And they demanded to be paid not just if they do these things in the future, but also if they did them last year or the year before. They demanded the payments even if they are already getting a check from the government to do the same things as part of some other conservation program. And perhaps most notably, they demanded that the job of supervising this offset program be shifted from the Environmental Protection Agency, whose focus would actually be ensuring that the reductions are real, to the Department of Agriculture, which sees its mission as preserving, protecting and defending American farm subsidies.
Elmer's support for the climate-change bill, however, could not be had for merely a few billion dollars a year in offsets. There was also an ethanol boondoggle to protect.
It seems those pesky scientists over at the EPA had done a preliminary analysis showing that if you considered the indirect effects of producing a lot of additional corn-based ethanol -- like the need to make up for the lost food production somewhere else -- then ethanol might not qualify as a carbon-reducing "renewable fuel" under the 2007 energy bill, potentially jeopardizing ethanol's guaranteed market of 15 billion gallons a year. To rectify this gross injustice, Elmer demanded -- and won -- a five-year moratorium on any final determination while a study is conducted on how the EPA was conducting its study.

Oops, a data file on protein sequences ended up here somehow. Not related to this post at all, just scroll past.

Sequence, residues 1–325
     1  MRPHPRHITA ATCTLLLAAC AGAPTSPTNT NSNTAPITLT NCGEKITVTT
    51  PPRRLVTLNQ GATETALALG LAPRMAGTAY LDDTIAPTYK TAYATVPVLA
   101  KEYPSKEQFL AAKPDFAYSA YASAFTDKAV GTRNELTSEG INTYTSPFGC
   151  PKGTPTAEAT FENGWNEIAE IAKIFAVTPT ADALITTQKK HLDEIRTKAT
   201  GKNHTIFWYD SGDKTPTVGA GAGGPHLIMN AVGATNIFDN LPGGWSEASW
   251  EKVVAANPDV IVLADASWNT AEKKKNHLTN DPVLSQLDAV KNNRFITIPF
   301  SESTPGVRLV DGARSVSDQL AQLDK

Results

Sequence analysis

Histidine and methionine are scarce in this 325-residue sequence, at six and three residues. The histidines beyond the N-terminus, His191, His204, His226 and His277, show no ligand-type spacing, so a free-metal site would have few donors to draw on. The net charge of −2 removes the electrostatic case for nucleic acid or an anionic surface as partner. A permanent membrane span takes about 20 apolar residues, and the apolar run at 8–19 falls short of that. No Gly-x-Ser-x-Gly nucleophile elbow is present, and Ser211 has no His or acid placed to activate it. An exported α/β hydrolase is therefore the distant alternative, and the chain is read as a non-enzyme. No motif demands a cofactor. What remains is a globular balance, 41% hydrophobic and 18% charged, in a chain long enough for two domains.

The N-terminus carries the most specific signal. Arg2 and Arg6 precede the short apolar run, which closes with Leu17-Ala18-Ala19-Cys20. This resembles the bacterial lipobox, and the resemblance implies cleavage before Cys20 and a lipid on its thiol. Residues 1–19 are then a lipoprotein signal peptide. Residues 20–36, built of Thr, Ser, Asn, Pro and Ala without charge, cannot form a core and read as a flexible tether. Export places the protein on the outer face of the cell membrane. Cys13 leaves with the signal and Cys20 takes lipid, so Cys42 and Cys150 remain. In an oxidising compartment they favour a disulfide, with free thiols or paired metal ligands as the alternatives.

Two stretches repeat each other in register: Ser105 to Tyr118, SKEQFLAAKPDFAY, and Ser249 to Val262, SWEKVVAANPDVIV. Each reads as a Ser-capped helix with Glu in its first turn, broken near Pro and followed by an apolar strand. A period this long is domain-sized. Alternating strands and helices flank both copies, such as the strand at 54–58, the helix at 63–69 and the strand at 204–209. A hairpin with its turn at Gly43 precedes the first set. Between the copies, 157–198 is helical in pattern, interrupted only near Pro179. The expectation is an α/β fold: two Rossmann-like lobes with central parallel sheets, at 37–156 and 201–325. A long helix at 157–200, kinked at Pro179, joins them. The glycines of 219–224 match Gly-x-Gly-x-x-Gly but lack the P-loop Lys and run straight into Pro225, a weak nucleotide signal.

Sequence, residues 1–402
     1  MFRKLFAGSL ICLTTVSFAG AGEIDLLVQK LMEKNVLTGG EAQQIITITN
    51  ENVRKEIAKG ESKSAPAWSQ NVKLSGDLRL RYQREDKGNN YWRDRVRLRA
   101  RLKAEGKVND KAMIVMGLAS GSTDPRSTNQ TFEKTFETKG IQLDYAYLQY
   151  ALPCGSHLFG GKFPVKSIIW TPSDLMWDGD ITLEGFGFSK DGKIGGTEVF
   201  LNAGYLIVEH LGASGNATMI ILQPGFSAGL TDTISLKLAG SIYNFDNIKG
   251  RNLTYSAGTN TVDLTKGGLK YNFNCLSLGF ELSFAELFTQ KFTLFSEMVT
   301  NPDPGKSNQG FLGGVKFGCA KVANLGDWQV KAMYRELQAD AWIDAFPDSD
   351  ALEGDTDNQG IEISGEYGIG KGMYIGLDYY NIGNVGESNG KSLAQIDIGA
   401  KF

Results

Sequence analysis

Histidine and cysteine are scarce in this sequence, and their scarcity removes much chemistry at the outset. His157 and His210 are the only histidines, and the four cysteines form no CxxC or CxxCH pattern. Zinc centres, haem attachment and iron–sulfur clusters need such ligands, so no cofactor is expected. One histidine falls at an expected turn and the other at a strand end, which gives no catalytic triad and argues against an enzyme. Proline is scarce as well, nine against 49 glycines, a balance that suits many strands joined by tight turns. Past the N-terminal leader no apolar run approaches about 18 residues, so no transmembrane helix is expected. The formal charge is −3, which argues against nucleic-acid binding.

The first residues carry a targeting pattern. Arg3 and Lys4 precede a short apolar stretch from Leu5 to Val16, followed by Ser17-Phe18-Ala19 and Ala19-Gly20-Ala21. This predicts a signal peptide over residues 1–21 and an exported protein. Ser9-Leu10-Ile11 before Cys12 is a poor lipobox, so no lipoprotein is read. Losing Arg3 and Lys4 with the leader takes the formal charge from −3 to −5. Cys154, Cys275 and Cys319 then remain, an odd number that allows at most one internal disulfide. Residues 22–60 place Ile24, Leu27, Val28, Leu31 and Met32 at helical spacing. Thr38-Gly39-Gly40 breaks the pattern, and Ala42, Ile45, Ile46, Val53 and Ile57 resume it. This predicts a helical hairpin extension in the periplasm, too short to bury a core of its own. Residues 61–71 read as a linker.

All of these concessions were hammered out last weekend among Collin Peterson, chairman of the House Agriculture Committee, and fellow Democrats Henry Waxman and Ed Markey, the chief sponsors of the climate-change bill. The House leadership and the White House acquiesced; the press conference was duly held. And what was the result?
Bob Stallman, president of the American Farm Bureau Federation and the self-proclaimed "voice of agriculture," yesterday urged all House members to vote against the climate-change bill, claiming it would "result in a net economic cost to farmers with little or no environmental benefit."